Mexico’s president promised a new approach to the drug wars. So why is he still going after big fish?
The good news is that Mexico's biggest drug kingpin has been arrested. The bad news is that it will trigger new violence on both sides of the border and do little to stem the flow of cocaine.
Mexican society is reeling from an epidemic of organized crime. But now it faces another challenge: taking its economy to the next level.
In 2011, Israel Arenas Durán disappeared in northern Mexico. Why can't the government find him -- and the thousands of others who've gone missing in the country's drug war?
The U.S. slammed shut a border crossing to Mexico after 9/11, isolating and starving a village on the other side. The passage reopened in 2013, but stark divisions remain.
How the opening of Mexico's state oil monopoly could spell the end of Keystone XL.
Why it's time for the White House to get ahead of the NSA scandal.
It's Americans, not Mexicans, who are responsible for the rise of margaritas and moles north of the border.
Does Washington realize how deeply Beijing has planted a flag in Latin America?
How U.S. guns are turning Central America into one of the most dangerous places in the world.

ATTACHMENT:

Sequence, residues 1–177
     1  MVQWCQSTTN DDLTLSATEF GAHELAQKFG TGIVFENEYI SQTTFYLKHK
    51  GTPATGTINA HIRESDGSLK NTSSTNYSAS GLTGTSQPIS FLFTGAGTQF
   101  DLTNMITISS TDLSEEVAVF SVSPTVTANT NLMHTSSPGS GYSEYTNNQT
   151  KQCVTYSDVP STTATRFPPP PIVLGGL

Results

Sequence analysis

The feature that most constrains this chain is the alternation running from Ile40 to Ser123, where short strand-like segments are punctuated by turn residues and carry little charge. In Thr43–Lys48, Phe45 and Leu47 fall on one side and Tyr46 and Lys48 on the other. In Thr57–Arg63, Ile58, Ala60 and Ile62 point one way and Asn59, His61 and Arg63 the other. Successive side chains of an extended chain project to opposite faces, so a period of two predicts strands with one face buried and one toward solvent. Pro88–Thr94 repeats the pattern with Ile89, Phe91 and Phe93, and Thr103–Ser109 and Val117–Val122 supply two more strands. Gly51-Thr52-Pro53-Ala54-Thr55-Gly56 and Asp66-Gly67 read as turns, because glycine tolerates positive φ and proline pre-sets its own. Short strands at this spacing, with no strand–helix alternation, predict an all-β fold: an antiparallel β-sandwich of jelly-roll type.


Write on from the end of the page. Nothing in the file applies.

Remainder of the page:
Sorry, Washington. If, after 30 years, Colombia can't win the war on drugs, no one can.
The big box behemoth might be a global force for good, but expansion doesn't make everyone happy.
After Republicans' election-year drubbing, the United States has an historic opportunity to fix its broken immigration system. And the arguments against reform simply don't hold up anymore.
A gay rights revolution is sweeping across the Americas. It's time for Washington to catch up.
Don't believe all the rosy news about Mexico's rise -- this emerging economy is still stuck emerging.
As the net flow of immigrants from Mexico nears zero, violent and impoverished Central American countries have emerged as the fastest-rising source of illegal immigrants to the U.S.
When the leaders of Mexico and the United States meet for the first time, they'll have a chance to make real progress on issues that have been stalled for decades.
The rise of China and India has long since become a cliche. In fact, neither country has done all that well since the crash of 2008 -- but these emerging powerhouses have cleaned up.
Mexico's pretty-boy president is more dangerous than he looks.
Even as the country around it sinks into a morass of drug-fueled crime, Mexico City has remained surprisingly safe.
Mexico will elect a new president on July 1, but the violent war on (and between) the drug cartels that President Felipe Calderón began in 2006 shows no signs of diminishing.
Can Mexico continue its impressive economic growth even as the drug war looks increasingly hopeless?